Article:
It’s interesting, as you said, these are women who, like their mothers, have to leave their countries and, in many cases, their children behind in order to provide their families with a better life. And babysitting becomes a way of doing it. Tell us a bit more about how you saw family roles take on new meanings.
It’s hard to know where to start, and I tend to opt for academics and research. But I feel like it might be more compelling to think in terms of stories. And I will actually call a different woman than the one I call Pati, because I think her story happens in the heart of the spaces that you mention. Because it’s not just about what it means to be a daughter or a mother when you’re separated, it’s also about what it means to be a full-time caregiver for a child that isn’t yours.
Tell me about Patty.
Pati is also from El Salvador. When she was five years old, her father left the family. Her mother tried for about a year to work and live at home, but she couldn’t find the job she needed to support a family of four children. She so she went north and left the children.
And Pati describes many feelings similar to Sara’s. I think she was nineteen when she decided to migrate north. When she was reunited with her mother, she describes how difficult it was to say “I love you” and hug her. And it was this really emotionally important thing for her, of, Why can’t I tell my mom that I love her? Why can’t she tell me that she loves me?
Shortly after Pati arrived in the United States, her mother helped her find a job as a nanny. At this point, Pati’s mom is driving Pati to work, and on the way they are dropping off the youngest son of the family for whom the mother has worked, at the time, for about 15 years. As her mother drives to the teen’s school, he jumps out of the car and walks up to her and hugs her and Pati’s mother says, “Bye, have a nice day, I love you.” The easiest thing in the world.
When Pati tells me this, she just breaks down.
Sociologist Arlie Hochschild talks about something she calls “a global heart transplant.” In essence, it’s this reality that when you provide direct care, when you care for a physical person, day in and day out, there’s a bond. And what that means is that when you’re not take care of someone day after day, as much as you love him, no matter how committed you are to him, that bond does not happen.
What Pati saw that morning was evidence that this transplant had occurred. She was dealing with all these mixed emotions where she respected and loved her mother, and understood her decision to leave El Salvador, but missed her terribly and was confused by the fact that they had not created a relationship that allowed them to embrace each other. and kiss so easily. It was also complicated by the fact that, by the time Pati tells me the story, she herself had absolutely fallen in love with the children. she take care of something So she knows what her mother was experiencing all that time.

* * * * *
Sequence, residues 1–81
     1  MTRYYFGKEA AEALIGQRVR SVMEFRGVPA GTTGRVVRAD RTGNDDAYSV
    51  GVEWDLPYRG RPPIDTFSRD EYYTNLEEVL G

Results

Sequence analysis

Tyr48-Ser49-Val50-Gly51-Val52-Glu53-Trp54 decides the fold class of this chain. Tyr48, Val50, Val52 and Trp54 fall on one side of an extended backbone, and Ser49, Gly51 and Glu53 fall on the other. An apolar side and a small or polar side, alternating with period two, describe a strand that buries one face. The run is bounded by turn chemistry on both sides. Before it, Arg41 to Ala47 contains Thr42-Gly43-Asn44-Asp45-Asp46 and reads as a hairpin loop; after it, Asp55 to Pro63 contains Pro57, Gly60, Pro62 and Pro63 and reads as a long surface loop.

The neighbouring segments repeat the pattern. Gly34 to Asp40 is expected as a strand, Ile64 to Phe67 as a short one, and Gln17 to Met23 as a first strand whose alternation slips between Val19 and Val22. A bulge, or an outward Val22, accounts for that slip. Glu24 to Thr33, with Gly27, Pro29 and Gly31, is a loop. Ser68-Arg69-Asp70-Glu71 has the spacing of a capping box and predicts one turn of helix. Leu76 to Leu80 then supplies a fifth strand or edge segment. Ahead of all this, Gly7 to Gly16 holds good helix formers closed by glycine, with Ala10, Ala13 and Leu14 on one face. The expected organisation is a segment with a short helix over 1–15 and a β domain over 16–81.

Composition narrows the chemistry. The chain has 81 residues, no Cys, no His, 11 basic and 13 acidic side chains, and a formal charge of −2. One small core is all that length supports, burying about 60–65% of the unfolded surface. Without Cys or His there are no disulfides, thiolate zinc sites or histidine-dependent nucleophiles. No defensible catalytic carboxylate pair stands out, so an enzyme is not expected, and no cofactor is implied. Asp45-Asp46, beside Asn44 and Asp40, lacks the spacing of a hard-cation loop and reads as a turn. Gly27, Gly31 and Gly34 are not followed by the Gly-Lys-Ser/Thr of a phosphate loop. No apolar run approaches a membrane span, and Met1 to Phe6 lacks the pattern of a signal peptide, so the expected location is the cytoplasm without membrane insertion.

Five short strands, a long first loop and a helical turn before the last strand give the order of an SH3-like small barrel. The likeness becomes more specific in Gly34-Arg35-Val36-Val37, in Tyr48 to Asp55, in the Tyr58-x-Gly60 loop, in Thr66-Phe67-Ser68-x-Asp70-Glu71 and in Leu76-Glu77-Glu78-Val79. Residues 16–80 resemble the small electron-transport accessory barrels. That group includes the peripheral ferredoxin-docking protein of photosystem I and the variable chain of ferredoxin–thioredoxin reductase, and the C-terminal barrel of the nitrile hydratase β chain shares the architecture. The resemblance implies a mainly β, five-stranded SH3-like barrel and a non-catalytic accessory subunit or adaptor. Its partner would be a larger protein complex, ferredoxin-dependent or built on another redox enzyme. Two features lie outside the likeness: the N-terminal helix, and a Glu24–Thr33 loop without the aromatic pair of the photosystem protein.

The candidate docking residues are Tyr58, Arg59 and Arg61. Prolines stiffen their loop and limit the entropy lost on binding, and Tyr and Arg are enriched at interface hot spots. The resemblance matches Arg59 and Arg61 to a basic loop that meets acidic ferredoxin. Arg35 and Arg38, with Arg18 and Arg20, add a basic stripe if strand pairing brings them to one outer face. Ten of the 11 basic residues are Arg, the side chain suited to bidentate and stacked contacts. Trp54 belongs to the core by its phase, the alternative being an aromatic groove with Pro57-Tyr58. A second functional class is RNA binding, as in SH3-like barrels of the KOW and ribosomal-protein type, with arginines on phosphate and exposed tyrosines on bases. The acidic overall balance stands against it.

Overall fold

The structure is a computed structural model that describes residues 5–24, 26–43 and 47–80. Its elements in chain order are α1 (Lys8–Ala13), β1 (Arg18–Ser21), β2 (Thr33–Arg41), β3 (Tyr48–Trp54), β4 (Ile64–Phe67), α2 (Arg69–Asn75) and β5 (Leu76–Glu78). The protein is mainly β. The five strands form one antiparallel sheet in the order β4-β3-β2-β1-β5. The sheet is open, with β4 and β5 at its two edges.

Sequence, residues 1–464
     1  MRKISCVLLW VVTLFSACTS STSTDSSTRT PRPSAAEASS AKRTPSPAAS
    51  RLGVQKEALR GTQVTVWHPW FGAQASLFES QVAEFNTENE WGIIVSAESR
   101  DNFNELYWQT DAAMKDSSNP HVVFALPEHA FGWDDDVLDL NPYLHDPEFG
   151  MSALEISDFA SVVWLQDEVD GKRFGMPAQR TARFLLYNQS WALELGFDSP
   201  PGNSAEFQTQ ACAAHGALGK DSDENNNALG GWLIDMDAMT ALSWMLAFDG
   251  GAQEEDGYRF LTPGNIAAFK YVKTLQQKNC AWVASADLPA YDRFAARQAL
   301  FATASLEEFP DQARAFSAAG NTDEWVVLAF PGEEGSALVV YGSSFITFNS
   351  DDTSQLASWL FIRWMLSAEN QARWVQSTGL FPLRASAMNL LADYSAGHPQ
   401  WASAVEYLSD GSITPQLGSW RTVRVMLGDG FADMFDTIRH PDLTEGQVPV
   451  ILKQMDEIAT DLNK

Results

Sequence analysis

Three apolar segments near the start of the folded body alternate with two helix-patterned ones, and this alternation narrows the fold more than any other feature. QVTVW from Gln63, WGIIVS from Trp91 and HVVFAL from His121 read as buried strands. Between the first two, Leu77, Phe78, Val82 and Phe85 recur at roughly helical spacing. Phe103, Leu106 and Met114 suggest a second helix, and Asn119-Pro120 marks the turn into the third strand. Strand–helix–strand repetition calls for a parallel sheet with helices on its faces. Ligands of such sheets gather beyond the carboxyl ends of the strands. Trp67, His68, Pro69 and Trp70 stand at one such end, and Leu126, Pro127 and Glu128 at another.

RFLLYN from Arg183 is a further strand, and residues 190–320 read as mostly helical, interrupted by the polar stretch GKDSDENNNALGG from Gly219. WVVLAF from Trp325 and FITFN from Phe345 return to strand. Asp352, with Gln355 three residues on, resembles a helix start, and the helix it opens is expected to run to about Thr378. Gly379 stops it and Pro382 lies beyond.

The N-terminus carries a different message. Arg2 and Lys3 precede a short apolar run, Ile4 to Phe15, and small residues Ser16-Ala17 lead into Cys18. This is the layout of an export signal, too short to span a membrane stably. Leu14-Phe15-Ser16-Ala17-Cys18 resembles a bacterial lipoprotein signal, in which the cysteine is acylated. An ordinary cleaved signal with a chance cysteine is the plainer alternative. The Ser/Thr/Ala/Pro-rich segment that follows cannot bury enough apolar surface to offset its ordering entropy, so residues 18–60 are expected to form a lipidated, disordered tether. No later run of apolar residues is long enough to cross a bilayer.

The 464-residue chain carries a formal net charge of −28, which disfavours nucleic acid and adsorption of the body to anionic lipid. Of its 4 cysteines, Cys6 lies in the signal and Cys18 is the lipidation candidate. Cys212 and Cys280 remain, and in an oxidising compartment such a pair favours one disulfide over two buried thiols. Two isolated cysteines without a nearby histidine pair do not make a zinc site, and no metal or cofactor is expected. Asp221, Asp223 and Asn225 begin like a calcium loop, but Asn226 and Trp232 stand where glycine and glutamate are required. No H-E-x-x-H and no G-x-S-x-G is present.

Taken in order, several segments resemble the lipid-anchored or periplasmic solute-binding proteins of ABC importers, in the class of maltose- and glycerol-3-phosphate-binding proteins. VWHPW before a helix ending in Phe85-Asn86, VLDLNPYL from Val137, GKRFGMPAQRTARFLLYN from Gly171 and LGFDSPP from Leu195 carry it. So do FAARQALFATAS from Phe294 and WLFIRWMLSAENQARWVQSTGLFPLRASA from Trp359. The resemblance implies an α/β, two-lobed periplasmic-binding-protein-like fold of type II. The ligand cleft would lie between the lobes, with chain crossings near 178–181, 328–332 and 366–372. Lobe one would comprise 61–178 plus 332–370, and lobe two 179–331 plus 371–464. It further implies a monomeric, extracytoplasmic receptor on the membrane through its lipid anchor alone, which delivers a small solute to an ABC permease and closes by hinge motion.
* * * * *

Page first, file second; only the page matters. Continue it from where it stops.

How can nannies be hired responsibly and ethically? Or, how do we treat them fairly so that the work they depend on continues to sustain them?
Caregivers are supporting, in many cases, the extended family at home, and their agency in their personal lives changes because of that. That is important to recognize and important to think about. So when we look inside this industry and uncover this nest of problems, we’re really exposing these unsustainable systems around immigration, parenting, and childcare. And at the end of the day, it often comes down to one woman employing another woman in close proximity, having that relationship with each other and trying to negotiate that power difference. So what can we do?
There is much we can do to regulate the industry and educate employers and others about the labor laws that apply to these situations, whether someone is documented or not. And there is much we can do to shore up the broken systems that create the need, particularly when it comes to paternity leave and childcare. But what can these two women do? I think, treat each other with dignity. Treat work as employment. Acknowledge your role as an employer, rather than a consumer.
Beyond that, I’m a big advocate of listening. I was recently asked, how can an employer support a nanny with children who is a working mother? And one of the immediate answers that comes to mind is, well, you can ask her what she needs, because chances are she’s given it a lot of thought. You need the job and you need the salary. Beyond that, what can we do to make this a sustainable work environment for her? Which, in turn, will give you – the employer – the support she needs. Many levels, but in that really intimate space of relationship, I think it all starts with asking and listening.